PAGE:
Fasching, it is clear, is not hurrying into its strategy to setup a manufacturing operation in India. It is working on a sustainable growth model instead. It is keen to ensure that its seat belts do not earn a bad name for reasons that may not have to do with the belts, but with other factors involved. The design and layout of the seat for example. Planning to produce seat belts with technical inputs from the parent company and supply them to buses, mini buses and mini vans, Fasching is targetting tier-one and tier-two suppliers. Close to 80 per cent of what the company supplies, goes to tier-two suppliers. Another 15 per cent goes to tier-one suppliers. The remaining five-per cent, according to Harald, is equally balanced. “We are supplying safety products to the customers,” mentioned Harald. He said, “We will work with seat manufacturers on how to structure the seat, position the retractor and make it function flawlessly.” The function of passenger seat belts in a bus amounts to a complex operation. It goes to work in sync with various seat functions and seat designs. Any shortcoming in seat design or seat function can hamper the function of the seat belt. “Unless we get the required layout, our seat belt will not function properly. As we sell a safety product, we need to doubly verify before we proceed with order book instructions,” said Harald.

The Indian market, opined Harald, is still at a nascent stage in the adaptation of safety products as a stand-alone feature. This is despite seat belts being made mandatory for passenger cars, he added. “It would have been better if the regulation was extended to buses, especially inter-city buses, with a deadline for compliance”. Harald felt that it were the manufacturers of buses like Mercedes-Benz and Volvo among others who could direct the Indian market to set high standards in safety with the use of passenger seat belts. “We can only manufacture and supply the product. As an extended move we could explain our product needs with certain videos. The difference between two-point and three-point seat belts could be explained for example. Beyond that much depends on market awareness and regulations,” said Harald. Interestingly, the ratio of two-point seat belts and three-point seat belts was 70:30 in 2004-2005. Today it is 50:50, and mandated as per the European norms. India, opined Harald, could look at a similar structure, albeit agressively, where four years down the line, a 20:80 (two-point : three-point seat belts) ratio is achieved.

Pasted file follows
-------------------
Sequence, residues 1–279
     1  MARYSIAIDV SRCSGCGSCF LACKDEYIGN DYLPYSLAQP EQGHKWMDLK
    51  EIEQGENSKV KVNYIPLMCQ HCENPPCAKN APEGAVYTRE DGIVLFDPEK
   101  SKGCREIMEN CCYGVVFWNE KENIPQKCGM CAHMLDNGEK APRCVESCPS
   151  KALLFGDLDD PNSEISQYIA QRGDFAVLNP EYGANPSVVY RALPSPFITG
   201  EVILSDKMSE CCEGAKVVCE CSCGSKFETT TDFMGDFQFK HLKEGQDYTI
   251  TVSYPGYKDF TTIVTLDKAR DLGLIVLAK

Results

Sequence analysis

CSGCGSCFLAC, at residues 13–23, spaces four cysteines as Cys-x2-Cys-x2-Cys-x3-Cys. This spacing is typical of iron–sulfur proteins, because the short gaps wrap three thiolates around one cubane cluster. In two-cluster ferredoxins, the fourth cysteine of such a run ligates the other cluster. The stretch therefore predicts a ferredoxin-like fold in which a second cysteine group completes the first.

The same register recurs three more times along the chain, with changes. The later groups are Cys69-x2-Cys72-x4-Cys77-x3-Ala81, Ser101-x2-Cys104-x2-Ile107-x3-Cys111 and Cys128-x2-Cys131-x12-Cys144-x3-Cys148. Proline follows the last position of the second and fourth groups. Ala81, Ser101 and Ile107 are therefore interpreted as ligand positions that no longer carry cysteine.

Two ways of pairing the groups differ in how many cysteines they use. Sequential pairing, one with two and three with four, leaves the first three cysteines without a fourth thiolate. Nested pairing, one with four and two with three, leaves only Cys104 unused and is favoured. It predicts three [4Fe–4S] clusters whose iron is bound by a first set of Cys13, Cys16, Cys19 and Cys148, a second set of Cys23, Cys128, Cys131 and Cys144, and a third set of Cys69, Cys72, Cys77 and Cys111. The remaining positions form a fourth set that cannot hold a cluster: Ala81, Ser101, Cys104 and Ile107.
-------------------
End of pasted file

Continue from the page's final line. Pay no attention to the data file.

Passenger seat belt culture in Indian buses

In the near-term, the company is not expecting a drastic change in demand for commercial vehicle seat belts. It is perhaps because of this that Fasching is open to looking at the passenger car segment for growth. “Passenger car segment seat belts does not involve rocket science. We have capabilities to produce such seat belts except for the pretensioners. Pretensioners are however found only on some premium cars like BMW, Audi, Mercedes-Benz and Volvo. Smaller car segments do not have them. Though car segment is not going to be our immediate priority, we are open to look at it,” informed Harald. He signed off by saying that he is hopeful of inter-city buses in India being mechanised with seat belts soon.